YES 14%
3.3

Are funds (Federal and partners') obligated in a timely manner, spent for the intended purpose and accurately reported?

Explanation: Readiness develops its portion of the agency operating plan with quarterly allocations and executes its spending plan in a timely manner and in accordance with acquisition requirements. Funds are certified for their intended purpose. Quarterly and Mid-year reviews are conducted at the Department, Directorate, and Division levels and adjustments are made to ensure timely obligation of funds.

Evidence: FEMA's Financial Acquisition Management Division Annual Performance and Accountability Reports; Integrated Financial Management Information System (IFMIS); and EMI Quarterly Performance Briefings; NIC Quarterly Performance Briefings; NIC weekly financial reports.

YES 14%
3.4

Does the program have procedures (e.g. competitive sourcing/cost comparisons, IT improvements, appropriate incentives) to measure and achieve efficiencies and cost effectiveness in program execution?

Explanation: Through the agency's program, planning and budgeting and strategic planning efforts, the Readiness program has developed measures to analyze current processes and procedures. FEMA has a Competitive Sourcing and Privatization Officer to which Readiness submits an annual staffing inventory. Readiness follows DHS and FEMA policies and procedures for the acquisition of IT hardware and services. EMI has also developed a cost efficiency measure to determine cost per student hour of training delivered; however, FY 2006 is the year in which baseline data will be developed to establish future measures.

Evidence: FEMA's Strategic Plan; Quarterly and Biannual Briefings; DHS, FEMA, and NETC policies and procedures regarding IT acquisitions. Office of Management and Budget (OMB) Circular A-76, Performance of Commercial Activities, dated May 29, 2003; and Department of Homeland Security Management Directive Number 0476, Performance of Commercial Activities, February 25, 2004.

YES 14%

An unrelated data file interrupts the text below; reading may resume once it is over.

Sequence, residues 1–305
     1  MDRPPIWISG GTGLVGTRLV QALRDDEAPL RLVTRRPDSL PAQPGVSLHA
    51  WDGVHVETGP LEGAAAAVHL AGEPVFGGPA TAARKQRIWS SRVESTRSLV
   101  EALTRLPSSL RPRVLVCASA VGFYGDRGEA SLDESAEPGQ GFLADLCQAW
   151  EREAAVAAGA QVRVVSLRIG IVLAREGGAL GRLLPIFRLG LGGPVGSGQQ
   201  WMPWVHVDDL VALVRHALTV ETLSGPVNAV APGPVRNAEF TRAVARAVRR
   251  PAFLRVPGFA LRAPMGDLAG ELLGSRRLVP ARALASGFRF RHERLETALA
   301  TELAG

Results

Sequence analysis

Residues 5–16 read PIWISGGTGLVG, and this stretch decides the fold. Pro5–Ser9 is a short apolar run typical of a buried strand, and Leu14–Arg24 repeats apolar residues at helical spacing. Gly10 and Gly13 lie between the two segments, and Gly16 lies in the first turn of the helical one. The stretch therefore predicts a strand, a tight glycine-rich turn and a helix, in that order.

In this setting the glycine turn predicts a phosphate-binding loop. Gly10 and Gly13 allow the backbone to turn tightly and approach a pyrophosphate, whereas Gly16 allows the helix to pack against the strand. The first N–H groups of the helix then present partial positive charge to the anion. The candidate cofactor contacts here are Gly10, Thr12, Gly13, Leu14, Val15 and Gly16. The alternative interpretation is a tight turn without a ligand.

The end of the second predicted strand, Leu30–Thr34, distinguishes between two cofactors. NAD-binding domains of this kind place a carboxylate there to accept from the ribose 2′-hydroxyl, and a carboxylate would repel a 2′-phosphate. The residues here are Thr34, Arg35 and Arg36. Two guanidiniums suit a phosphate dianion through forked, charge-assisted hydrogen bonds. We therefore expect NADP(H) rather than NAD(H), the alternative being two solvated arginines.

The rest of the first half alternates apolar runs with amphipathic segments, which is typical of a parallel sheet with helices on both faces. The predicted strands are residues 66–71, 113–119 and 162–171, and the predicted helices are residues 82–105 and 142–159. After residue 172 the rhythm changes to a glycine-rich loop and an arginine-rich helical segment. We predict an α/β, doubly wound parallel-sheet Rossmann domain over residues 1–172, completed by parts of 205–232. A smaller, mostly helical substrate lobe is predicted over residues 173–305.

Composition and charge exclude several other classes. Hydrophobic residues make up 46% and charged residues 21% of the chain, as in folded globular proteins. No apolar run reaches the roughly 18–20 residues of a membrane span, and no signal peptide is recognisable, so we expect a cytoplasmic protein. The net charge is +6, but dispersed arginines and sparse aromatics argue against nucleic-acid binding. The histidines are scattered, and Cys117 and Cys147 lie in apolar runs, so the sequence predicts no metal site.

3.5

Does the program collaborate and coordinate effectively with related programs?

Explanation: The Readiness program collaborates and coordinates effectively with all elements of FEMA; other DHS components; other federal agencies; State, local, and tribal officials; and Non-Governmental Organizations (NGO) as it relates to training, NIMS, and the NRP.

Evidence: Dept. of Education Emergency Response Crisis Management & Grant Program Meetings; Credentialing Discipline Groups; Resource Typing Discipline Groups; Compliance Working Group; United Southern & Eastern Tribes (USET) Meetings; pending MOU with DHS Office of Grants & Training; Preparedness Directorate. EMI conducts extensive coordination of its training program at the Federal, State, local, and tribal levels, is an active member of the DHS Training Leaders Council, and routinely works with DHS components such as the Office of Grants and Training, U.S. Fire Administration, and Customs and Border Protection, as well as other Federal agencies such as Centers for Disease Control, Veterans Affairs, Department of Defense, and the Department of Health and Human Services. EMI conducts an annual National Training and Exercise Conference to address current and emerging training and exercise issues and concerns; Dept. of Education Emergency Response Crisis Management & Grant Program Meeting; Credentialing Discipline Groups; Resource Typing Discipline Groups; United Southern & Eastern Tribes (USET) Meetings.

YES 14%
3.6